Parasite Eve American cover.

Parasite Eve is a Japanese novel by Hideaki Sena, first published in Kadokawa Horror Bunko in 1995.

It was later adapted into a film in 1997, with a heavier focus on romance than horror.

In 1998, the video game was released for the Sony PlayStation by Squaresoft, now known as Square Enix, as an unauthorized sequel to the novel without his input.[1] A sequel to the game was released in 1999, also for the PlayStation.

To continue with the idea of the manga for the video game, a manga was produced of the novel to tell the events for those gamers who had not read the novel.


Mitochondria are the "energy factories" of biological cells. It is thought that they were originally separate organisms, and a symbiotic relationship between them and early cellular life has evolved into their present position as cell organelles with no independent existence through the female line of descent, form the dispersed body of an intelligent conscious lifeform, dubbed Eve (more accurately Eve 1), which has been waiting throughout history and evolution for the right conditions when mitochondrial life can achieve its true potential and take over from eukaryotic lifeforms (i.e. humans and similar life) by causing a child to be born that can control its own genetic code.

Eve is able to control people's minds and bodies by signaling to the mitochondria in their bodies. She can cause certain thoughts to occur to them and also make them undergo spontaneous combustion.

The conditions Eve has waited for have arrived; she has found the perfect host in the body of Kiyomi Nagashima. At the start of the book, Eve is the mitochondria in Kiyomi's body. She causes Kiyomi to crash her car; Kiyomi survives but is brain dead. Kiyomi's husband is Toshiaki Nagashima, a research assistant teaching and researching biological science. Eve influences Toshiaki and a doctor to ensure that one of Kiyomi's kidneys is transplanted into the teenage girl Mariko Anzai as an organ donation. As part of Kiyomi's body the kidney is part of Eve. It prepares Mariko to be a suitable host for giving birth to mitochondrial life (her immune system would otherwise rebel against this).

Eve influences Toshiaki to grow some of Kiyomi's liver cells in his lab in sufficient quantities to provide Eve with an independent body, he thinks that he is doing this as an experiment using different cultures of the liver cells. Forming some of the cells into a body, Eve possesses Toshiaki's assistant Sachiko Asakura and intermittently takes control of Asakura to work upon the cultures. Eventually, she takes control of Asakura during a conference presentation speech and announces her presence. Leaving Asakura's body, she returns to the lab. Toshiaki pursues her, and she attacks him in the form of Kiyomi to capture some of his sperm, which she uses to fertilise an egg of her own production. Moving to the hospital, she implants this zygote in Mariko's womb. The embryo develops into an offspring that is born almost immediately.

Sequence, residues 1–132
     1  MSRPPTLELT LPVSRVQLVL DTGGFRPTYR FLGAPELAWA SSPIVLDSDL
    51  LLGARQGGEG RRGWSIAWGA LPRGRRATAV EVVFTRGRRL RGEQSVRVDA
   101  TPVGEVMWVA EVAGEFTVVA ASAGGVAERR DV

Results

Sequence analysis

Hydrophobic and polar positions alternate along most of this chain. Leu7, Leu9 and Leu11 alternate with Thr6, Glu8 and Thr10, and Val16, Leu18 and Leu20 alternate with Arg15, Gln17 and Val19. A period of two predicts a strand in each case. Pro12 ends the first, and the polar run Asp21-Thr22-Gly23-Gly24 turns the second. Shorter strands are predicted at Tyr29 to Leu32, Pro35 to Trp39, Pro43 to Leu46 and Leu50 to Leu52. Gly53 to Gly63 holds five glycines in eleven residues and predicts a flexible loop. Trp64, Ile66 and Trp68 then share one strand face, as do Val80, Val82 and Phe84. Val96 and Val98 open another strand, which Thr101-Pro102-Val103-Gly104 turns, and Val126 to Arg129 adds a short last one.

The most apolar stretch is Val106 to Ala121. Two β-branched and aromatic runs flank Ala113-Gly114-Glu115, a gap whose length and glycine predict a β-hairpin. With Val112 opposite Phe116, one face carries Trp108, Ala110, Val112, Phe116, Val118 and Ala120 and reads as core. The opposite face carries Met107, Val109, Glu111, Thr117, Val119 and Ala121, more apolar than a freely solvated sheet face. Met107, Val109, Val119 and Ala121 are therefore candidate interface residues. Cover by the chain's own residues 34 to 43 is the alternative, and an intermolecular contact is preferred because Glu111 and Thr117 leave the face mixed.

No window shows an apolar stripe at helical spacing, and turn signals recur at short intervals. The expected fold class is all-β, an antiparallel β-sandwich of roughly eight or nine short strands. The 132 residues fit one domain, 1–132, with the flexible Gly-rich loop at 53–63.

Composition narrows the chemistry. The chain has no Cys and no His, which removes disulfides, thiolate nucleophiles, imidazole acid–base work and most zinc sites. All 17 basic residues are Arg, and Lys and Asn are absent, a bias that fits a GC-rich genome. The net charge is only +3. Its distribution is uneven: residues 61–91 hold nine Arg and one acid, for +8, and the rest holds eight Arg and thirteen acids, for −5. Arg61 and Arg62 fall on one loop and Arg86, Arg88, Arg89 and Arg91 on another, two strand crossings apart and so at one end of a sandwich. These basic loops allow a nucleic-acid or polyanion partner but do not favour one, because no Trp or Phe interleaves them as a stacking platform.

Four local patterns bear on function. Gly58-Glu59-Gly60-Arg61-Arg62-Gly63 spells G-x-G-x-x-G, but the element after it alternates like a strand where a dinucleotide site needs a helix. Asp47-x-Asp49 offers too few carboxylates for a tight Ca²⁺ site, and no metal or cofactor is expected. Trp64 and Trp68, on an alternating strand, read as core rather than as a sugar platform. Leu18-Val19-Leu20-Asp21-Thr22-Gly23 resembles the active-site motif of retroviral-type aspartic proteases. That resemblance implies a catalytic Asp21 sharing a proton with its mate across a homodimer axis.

Eve anticipates that her child will be able to consciously change its genetic code, thus being an infinitely adaptable "perfect lifeform" capable of replacing humanity and similar eukaryotes. Mariko's body will be host to a new race of these lifeforms. The experiment fails, since Toshiaki's sperm carry a separate line of "male" mitochondria (inherited through sperm) that will be wiped out in the new order; these resist the change by fighting for control of the child's body, causing it to switch between male and female forms. The child dies; Toshiaki also dies, merging his body with the child's to control the bursts of psychokinetic-like power it gives out in its death throes that threaten to kill many people.

In the novel's epilogue, it is revealed that some samples of the Eve cells in Toshiaki's lab survived. Fortunately, they are destroyed shortly after being found.


In reality, most of the original mitochondrial genome has been lost or transferred to the host cell nucleus. Only 36 confirmed genome remain. As a result, the evolutionary potential of mitochondria is actually very limited, which is how it was possible to develop the molecular clock required to approximate when the “mitochondrial Eve” would have lived. The concept of a “mitochondrial Eve” is in itself misleading since it does not actually refer to a single woman. Instead, the “mitochondrial Eve” is the most-recent common ancestor of all humans alive on Earth today with respect to matrilineal descent.

The genesis of the mitochondrion was not in humans but in a species thought to be similar to bacteria. Regardless, mitochondria cannot survive without the constant supply of biomolecules and environment provided by the host cell. While mitochondria are linked to certain diseases and cell death, they cannot “rebel”. Also, the concept of rebellion implies conscious action, and even under the most generous terms mitochondria would not be attributed with the level of intelligence required for rebellion, much less the fantastic powers they have in Parasite Eve.

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